A Career Built On Character
Political Astuteness is something that you may not learn in school; however, it plays a significant role in success in business.
“Man is by nature a political animal.” ~Aristotle
It’s important to keep in mind that you are responsible for your own career. Don’t Expect the Human Resources Department to plan your career. In fact, don’t expect anyone else to be concerned about it either.
There have been times in my career when someone has taken an interest in my promotion; however, it has always been in their own best interests to do so. Remember, companies are in business primarily to make money.
Dress for success
There is a clear distinction between how a President, a Senior Vice-President, a Vice-President, and District Manager dress. You should dress just a cut above your current level.
Above Everything, Have Integrity
“If you have integrity, nothing else matters. If you don’t have integrity, nothing else matters.” ~Alan Simpson
You will find that the concentration of integrity increases the higher you go in an organization.
Always Support the Company
It’s true that where your treasure is, your heart will be also. There will be ample opportunities on a daily basis to bash your employer. Resist those opportunities. Keep in mind that (1) you chose this company, (2) they pay you, and (3) you can leave if you want. The leaders of the company will not be impressed by your ability to complain.
Make Your Boss and Your Boss’s Boss Look Good
As a practical matter, you are most likely working to take your boss’s job. Hopefully, your boss will be promoted, which will leave a vacancy. If your boss is not going anywhere, then the next level will have a major impact on your next position.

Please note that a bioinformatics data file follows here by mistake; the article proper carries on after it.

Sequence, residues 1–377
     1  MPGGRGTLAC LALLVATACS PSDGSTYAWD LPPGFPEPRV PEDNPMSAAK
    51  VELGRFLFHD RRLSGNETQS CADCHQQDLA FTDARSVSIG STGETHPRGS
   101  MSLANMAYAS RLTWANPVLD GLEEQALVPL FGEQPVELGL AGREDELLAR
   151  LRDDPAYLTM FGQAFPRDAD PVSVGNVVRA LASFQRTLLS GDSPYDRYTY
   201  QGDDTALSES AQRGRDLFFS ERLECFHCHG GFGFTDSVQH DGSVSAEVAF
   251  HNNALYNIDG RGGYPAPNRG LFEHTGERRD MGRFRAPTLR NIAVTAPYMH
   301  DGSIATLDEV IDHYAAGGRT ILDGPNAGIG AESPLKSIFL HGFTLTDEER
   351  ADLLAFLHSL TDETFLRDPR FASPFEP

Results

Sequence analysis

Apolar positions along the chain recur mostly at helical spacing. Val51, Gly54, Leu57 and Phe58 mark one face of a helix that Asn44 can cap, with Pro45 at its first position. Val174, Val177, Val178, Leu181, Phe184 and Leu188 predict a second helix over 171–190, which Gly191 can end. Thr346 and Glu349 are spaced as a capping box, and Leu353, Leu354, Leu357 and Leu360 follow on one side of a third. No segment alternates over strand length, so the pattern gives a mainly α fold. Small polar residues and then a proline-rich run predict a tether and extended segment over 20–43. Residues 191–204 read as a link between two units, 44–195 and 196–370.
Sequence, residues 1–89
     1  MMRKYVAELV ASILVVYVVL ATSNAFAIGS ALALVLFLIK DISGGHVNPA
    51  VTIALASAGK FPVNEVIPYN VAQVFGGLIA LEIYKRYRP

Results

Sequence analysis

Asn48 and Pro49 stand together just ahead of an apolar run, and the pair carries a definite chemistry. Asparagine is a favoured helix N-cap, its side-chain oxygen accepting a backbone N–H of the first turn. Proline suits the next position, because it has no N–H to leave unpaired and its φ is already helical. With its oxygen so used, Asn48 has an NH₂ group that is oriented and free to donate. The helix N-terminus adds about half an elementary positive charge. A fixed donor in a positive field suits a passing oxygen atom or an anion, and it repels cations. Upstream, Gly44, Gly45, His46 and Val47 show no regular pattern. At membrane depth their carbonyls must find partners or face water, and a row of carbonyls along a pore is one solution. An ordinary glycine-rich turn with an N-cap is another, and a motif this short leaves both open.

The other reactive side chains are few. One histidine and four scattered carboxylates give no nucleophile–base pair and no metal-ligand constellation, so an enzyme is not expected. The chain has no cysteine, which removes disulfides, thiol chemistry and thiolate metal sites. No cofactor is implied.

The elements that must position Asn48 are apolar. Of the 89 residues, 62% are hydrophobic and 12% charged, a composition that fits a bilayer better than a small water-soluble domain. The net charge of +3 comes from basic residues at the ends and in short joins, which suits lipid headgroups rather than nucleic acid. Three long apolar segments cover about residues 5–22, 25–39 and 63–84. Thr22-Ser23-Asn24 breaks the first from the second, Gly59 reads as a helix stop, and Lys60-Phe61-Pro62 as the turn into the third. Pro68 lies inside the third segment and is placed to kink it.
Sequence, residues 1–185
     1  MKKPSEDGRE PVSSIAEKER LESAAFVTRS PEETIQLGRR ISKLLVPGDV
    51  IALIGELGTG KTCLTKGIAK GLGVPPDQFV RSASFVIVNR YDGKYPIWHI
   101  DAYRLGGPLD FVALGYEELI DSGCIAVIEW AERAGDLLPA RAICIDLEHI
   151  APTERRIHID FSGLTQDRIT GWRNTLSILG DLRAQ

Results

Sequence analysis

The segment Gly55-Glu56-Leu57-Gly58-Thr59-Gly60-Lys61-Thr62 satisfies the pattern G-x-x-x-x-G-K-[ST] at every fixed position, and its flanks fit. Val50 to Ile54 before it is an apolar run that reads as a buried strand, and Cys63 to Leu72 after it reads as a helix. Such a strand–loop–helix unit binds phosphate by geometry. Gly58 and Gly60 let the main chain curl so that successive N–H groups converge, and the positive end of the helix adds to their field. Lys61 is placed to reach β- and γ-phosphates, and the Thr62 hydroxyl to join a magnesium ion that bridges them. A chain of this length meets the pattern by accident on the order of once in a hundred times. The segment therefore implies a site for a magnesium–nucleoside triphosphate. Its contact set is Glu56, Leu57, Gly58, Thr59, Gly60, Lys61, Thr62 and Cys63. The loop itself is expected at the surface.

Who are the Leaders of the Company?
Find out the background of the company executives. What career path did they take? Chances are, they will value those credentials above others. Take note of great people in the company and get connected to them. If possible, find a way to work for them. If not, establish a network with as many of them as possible. The best possibility is to ask one of them be your mentor. You will be surprised how many people will be interested in helping in this regard.
Learn the Rules
“Whoever gossips to you will gossip about you.” ~Spanish Proverb
Watch What You Write or Say. Assume that anything you write or say will be read or heard by everyone in the company. E-mail makes it easy to respond emotionally. Before you respond to an irritating e-mail, take a minute to calm down, then, write the e-mail. If you have a tendency to send harsh messages, save a draft and review it sometime later to ensure the tone is business appropriate.
A corollary to this principle is Happy Hour – don’t go! There is a huge risk of saying something you shouldn’t say, getting out of control, or just being in the wrong place at the wrong time. You should stay out of office politics. Don’t say anything bad about anyone, ever.
Arrive Early and Leave Late, but Not Too Late. You want the reputation of a hard worker, but not one that can’t get their work done. This principle also applies to taking work home. Over the long-term, you want to have a life outside of work. Maintaining a work/life balance will keep you engaged in your job; therefore, more productive.
Find Out What Your Boss Wants and Deliver. Regardless of your personality, relationships, or good looks, you must be productive. For your boss, it means doing what they want, no matter how silly it may seem to you. For example, I had a boss that wanted to know how many Dairy Queens between Dallas and Houston served a particular yogurt.
Always say, “Yes!” to a request from leadership. For your boss, there are ways to provide better solutions without damaging the relationship.
“Always do more than is required of you.” ~General Patton
Give People Credit. Don’t take credit for yourself. This is important for a variety of reasons. First, you need people to help you get things done. Second, when people recognize people who work for you, you get the credit as well. Third, it’s the right thing to do.
When It Comes to Your Career
- You’re Responsible
- Remember Who You Work For
- Learn the Rules
As Bill Karnes put it, “Eagles don’t flock; they fly alone. And eagles soar above the rest of their world. So, too, do people who start things, who lead groups or who otherwise set themselves apart from the crowd.”